Jane:

I did. He blew up higher than a hall.

Ace:

Jane, you mean you asked the...

Jane:

Dar, please, while I'm on this jury, I can't talk. Just be good enough to say "Hello, Jane," and that's all.

Ace:

Just, Hello Jane.

Jane:

Just those three words ? Hell-o Jane.

Music bridge

Ace:

The next morning before I left the house, Jane made me promise to come down to watch, and I left he with three words, Bon Jure, Jane. She picked up a free ride downtown that morning from our next door neighbor, Ken Roberts. He's the radio announcer. As Ken was getting into his car he saw Jane leaving the house for court. A least I thought it was for court. I didn't know a new complication had set in.

Ken:

Hey, Jane, what have you been doing?

Jane:

Just fine, Ken?

Ken:

Well, how are you?

Jane:

I've ben serving on a jury. I'm going downtown now.

Ken:

Well, I'm driving downtown, Jane.

Jane:

Oh, I'll be glad to. Thanks, Ken.

SFX:

Auto door opens

Ken:

Hop right in. Which courthouse you going to?

SFX:

Door closes and motor starts

Jane:

Well, I'm not going right to the courthouse. I have an appointment at the hair dresser this morning, and I asked Sally to take my place on the jury in case I'm a little late. My cousin, Sally Anderson.

Ken:

Oh yes, Mr. Ace's secretary.

Jane:

I may be five or ten minutes late and I don't want them to wait for me. I told Sally to be there at ten sharp. I just have to get to a beauty shop. My goodness, yesterday I looked like the wrath of grapes, next to that Miss Baker.

Ken:

There;'s nothing wrong with the way you look today, Jane.

Jane:

You do? Well thanks, Ken, but I had this appointment ? I don't suppose they mind of Sally fills in for me for a few minutes. If the judge wants me to, I'll stay overtime to make up for it.


Ace:

If I were a nice guy I'd spare you this next courtroom scene entirely. But I'm slightly sadistic. Translation: I'm a heel. I will warn you, though, to move back a little from your radios. When Judge Edwards gets a load of Jane's substitute in the jury box, I wouldn't want any of it to get on you.

Judge:

We will now proceed with the case on trial. Counsel for the plaintiff will open the case. Are you ready?

Jenkins:

Thank you, Judge Edwards. I am.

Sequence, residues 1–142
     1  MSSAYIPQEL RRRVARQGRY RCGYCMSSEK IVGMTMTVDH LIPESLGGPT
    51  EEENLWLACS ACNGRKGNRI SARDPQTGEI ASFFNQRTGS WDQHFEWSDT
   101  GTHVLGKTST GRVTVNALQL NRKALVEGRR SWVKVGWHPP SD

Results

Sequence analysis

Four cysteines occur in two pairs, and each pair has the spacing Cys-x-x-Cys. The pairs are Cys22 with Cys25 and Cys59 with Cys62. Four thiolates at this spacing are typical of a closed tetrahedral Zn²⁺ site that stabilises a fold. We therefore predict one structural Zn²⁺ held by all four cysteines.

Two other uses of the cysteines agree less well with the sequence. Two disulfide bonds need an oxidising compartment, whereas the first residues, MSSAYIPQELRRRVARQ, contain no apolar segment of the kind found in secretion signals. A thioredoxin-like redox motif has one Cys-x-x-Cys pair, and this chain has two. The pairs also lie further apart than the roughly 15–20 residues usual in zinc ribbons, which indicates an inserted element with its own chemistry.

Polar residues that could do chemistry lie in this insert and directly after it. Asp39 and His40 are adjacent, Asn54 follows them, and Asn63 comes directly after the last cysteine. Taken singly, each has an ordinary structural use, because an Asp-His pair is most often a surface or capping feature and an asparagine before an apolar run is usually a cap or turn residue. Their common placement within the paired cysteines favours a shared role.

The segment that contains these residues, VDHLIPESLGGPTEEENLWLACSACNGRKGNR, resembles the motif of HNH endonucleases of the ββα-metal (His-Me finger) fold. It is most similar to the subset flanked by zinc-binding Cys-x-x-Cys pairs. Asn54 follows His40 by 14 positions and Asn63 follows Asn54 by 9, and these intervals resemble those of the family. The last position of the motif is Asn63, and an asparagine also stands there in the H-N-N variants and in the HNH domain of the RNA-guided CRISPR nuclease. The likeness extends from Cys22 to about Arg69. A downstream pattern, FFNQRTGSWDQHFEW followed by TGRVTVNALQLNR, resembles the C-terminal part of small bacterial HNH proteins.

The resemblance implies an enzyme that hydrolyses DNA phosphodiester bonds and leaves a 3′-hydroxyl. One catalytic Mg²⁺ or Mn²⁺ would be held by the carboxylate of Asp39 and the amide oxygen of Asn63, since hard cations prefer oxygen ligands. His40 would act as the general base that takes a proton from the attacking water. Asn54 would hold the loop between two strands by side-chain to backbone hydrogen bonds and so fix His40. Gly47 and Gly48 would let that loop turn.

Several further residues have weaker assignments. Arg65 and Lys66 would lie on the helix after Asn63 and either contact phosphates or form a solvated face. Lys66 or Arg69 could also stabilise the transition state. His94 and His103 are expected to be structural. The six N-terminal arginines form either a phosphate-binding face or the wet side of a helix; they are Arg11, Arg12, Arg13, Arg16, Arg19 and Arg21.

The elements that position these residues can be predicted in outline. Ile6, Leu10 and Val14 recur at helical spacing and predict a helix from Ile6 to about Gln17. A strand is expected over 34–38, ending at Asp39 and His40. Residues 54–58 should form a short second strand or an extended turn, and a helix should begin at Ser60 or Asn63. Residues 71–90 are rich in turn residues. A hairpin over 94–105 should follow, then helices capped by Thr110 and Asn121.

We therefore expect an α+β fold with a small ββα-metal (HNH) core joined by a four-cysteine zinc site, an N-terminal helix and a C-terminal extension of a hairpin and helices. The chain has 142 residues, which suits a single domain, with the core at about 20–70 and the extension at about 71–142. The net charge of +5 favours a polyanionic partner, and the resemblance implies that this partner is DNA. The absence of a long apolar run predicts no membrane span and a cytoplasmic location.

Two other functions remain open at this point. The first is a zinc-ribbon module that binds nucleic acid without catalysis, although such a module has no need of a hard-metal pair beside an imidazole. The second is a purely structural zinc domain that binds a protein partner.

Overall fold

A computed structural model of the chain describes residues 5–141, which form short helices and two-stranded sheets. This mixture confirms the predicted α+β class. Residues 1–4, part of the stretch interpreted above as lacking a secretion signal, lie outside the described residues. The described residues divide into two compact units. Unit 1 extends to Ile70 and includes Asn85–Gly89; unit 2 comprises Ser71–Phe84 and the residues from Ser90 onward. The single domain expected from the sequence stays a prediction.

Judge:

Just a minute ? who are you? I thought Mr. Brown was counsel for the plaintiff.

Jenkins:

I'm Mr. Jenkins, Mr. Brown's partner. We're both handling this case.

Judge:

Very well, proceed.

Jenkins:

Thank you, Judge Edwards. And if it please the court, ladies and gentlemen of the jury. The plaintiff in this case, Thomas Mason, is suing the defendant for injuries received from a truck loaded with brick and dirt, backing out of a building project without an attendant to flag passing motorists. Mr. Mason received such injuries as to necessitate two months' confinement in the hospital, and a month's convalescence in his home, to say nothing of such shock and nervous disorder as to incapacitate his regular attendance at the work by which until three months ago he earned his livelihood.

SFX:

Door opens and closes and footsteps approach under dialogue

Jenkins:

You will learn in the course of this trial that the injuries received by the plaintiff were so serious as to cause his physician to despair of his complete recovery.

Jane:

OK, Sally, I'm here.

Anderson:

Oh, hello, Jane.

Jane:

Am I very late?

Anderson:

No, that man just started to...

SFX:

Gavel

Judge:

What's going on back there?

Jane:

It's all right Judge. It's only me. I'm back.

Judge:

Back?

Jane:

Yes. I let my cousin Sally jure in my place while I went to the beauty shop. OK, Sally, I'll sit in there now. You can sit out there and watch if you like.

Anderson:

It's a kinda dull case, Jane.

SFX:

Gavel

Judge:

Mrs. Ace, what is the meaning of this?

Jane:

Well, like I told you, Mr. Edwards...


Judge:

Mr. Edwards! I am Judge William Edwards. You will never refer to me as Mr. Edwards.

Jane:

Well thank you, William, and you may call me...

SFX:

Laughs from spectators and gavel

Judge:

Silence! Order! Quiet! Stop that laughing. I will not tolerate these outbursts in my court. I will clear this courtroom if this continues. Now, Mrs. Ace...

Jane:

Yes.

Judge:

Yes, your honor.

Jane:

Yes, my honor.

SFX:

Laughs from spectators and gavel

Judge:

Order! Order in this court! Did you hear me say I'll clear the courtroom if there is another outburst? We are here on serious business, and it will be the duty of this court to see that you observe proper court etiquette. And putting an added starter in the jury box is not proper court etiquette.